OVERVIEW

  • The 60 day rollover is another name for an indirect rollover. When executing your rollover, they will send you the money first rather than sending it directly to your new plan provider. You have 60 days to deposit the money in full to your new retirement account.
  • You’re allowed to use the money however you like during the 60 day period, as long as you can make the full deposit before the deadline.
  • Your old plan provider will withhold 20% of the rollover funds for a 401k and 10% for an IRA. You must come up with the withheld amount from other sources in order to make the full deposit.
  • If you successfully deposit the money in full before the 60 day deadline, the IRS will return the withheld amount as a tax credit the year after your rollover was done.
  • If you miss the deadline, the rollover will get treated as a distribution and gets taxed if the funds are from a traditional retirement plan. Roth accounts are not taxed for withdrawals. If you’re under the age of 59½, you’ll have to pay an early distribution penalty of 10%.
  • There are no taxes or penalties if you deposit the money in full before the deadline.

What is a 60 day rollover?

A 60 day rollover is another name for an indirect rollover. When you’re rolling over funds from one retirement plan to another, you get the option to choose between a direct rollover and an indirect rollover. 

  • In a direct rollover, you never touch the money. The funds get sent directly from your old plan provider to your new plan provider. 
  • In an indirect rollover, the money is sent to you first and you’re given 60 days to deposit the money into your new plan in full. What you do with the money during the 60 day period is entirely up to you, as long as you’re able to deposit the full amount before the deadline. 

Because of the 60-day period, an indirect rollover is also known as a 60-day rollover.

How does a 60 day rollover work?

When you request a 60-day rollover from a retirement account, your old plan provider will send you the funds by direct deposit to your personal bank account, or by writing you a check in your name. For context, if you request a direct rollover, your old plan provider will write the check in the name of your new plan provider.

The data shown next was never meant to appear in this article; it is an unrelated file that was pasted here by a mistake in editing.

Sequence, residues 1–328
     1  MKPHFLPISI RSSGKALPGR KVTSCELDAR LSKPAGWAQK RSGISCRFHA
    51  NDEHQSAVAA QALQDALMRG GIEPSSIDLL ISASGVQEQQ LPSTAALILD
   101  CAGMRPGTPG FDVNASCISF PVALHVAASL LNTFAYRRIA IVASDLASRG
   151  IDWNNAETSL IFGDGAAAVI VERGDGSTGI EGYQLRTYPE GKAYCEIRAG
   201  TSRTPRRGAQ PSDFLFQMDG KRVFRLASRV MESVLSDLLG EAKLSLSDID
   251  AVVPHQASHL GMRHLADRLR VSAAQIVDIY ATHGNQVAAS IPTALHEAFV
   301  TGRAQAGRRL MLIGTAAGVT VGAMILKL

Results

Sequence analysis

A 60 day rollover is almost like a short-term loan. There’s no rule that you cannot use the money once it’s sent to you. You’re allowed to cash the check and use the funds however you like, as long as you’re able to deposit the full amount into your new plan before the 60 day deadline.

Also read: Direct vs Indirect Rollovers

Funds get withheld in a 60-day rollover

With a 60 day rollover, you don’t get sent all of the funds that you’re rolling over. Your old plan provider will withhold 20% of the funds for a 401k rollover and 10% of the funds for an IRA rollover. It’s up to you to come up with the withheld amount on your own from other sources, in order to deposit the amount in full by the deadline.

For example, if you request a $10,000 60 day rollover, your old plan provider will withhold $2,000 (20%) if rolling over from a 401k and $1,000 (10%) if you’re rolling over from an IRA. You’ll receive the remaining $8,000 or $9,000 into your personal account and you must come up with the withheld amount on your own.

If you successfully deposit the full amount by the 60-day due date, the IRS will give you back the withheld amount in the form of tax credit the year after the rollover took place.

If you’re late, the withheld money will be used to pay penalties.

Penalties, taxes, and fees for a 60 day rollover

As long as you deposit the full amount into your new retirement plan before the 60 day deadline, there are no penalties or taxes associated with a 60 day rollover.

However, if you miss the deadline, the IRS treats your rollover as a distribution. If you’re under the age of 59½, you’ll have to pay early distribution penalties of 10% plus income taxes on the amount withdrawn.

To avoid taxes and penalties, make sure that the money is deposited into your account before the deadline. Mailing a check or initiating a deposit does not count. The money must be in your new retirement account by the 60 day deadline in order to avoid any taxes and penalties.